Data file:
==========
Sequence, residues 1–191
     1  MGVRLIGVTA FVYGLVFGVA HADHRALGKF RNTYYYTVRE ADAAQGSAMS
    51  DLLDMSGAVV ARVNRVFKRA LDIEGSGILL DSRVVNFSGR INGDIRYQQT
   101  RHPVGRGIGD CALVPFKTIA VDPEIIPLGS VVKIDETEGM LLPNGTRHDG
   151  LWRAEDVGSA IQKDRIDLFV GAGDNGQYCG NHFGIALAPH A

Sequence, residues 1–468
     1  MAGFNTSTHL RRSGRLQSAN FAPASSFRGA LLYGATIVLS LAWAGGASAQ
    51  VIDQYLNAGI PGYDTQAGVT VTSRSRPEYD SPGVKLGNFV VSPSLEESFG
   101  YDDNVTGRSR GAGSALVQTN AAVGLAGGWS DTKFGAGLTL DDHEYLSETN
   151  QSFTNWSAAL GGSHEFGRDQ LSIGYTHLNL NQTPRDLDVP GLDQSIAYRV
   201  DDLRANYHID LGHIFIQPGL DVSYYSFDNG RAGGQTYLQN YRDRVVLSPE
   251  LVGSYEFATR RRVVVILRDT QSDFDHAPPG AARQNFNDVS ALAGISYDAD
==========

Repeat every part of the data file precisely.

Sequence, residues 1–191
     1  MGVRLIGVTA FVYGLVFGVA HADHRALGKF RNTYYYTVRE ADAAQGSAMS
    51  DLLDMSGAVV ARVNRVFKRA LDIEGSGILL DSRVVNFSGR INGDIRYQQT
   101  RHPVGRGIGD CALVPFKTIA VDPEIIPLGS VVKIDETEGM LLPNGTRHDG
   151  LWRAEDVGSA IQKDRIDLFV GAGDNGQYCG NHFGIALAPH A

Sequence, residues 1–468
     1  MAGFNTSTHL RRSGRLQSAN FAPASSFRGA LLYGATIVLS LAWAGGASAQ
    51  VIDQYLNAGI PGYDTQAGVT VTSRSRPEYD SPGVKLGNFV VSPSLEESFG
   101  YDDNVTGRSR GAGSALVQTN AAVGLAGGWS DTKFGAGLTL DDHEYLSETN
   151  QSFTNWSAAL GGSHEFGRDQ LSIGYTHLNL NQTPRDLDVP GLDQSIAYRV
   201  DDLRANYHID LGHIFIQPGL DVSYYSFDNG RAGGQTYLQN YRDRVVLSPE
   251  LVGSYEFATR RRVVVILRDT QSDFDHAPPG AARQNFNDVS ALAGISYDAD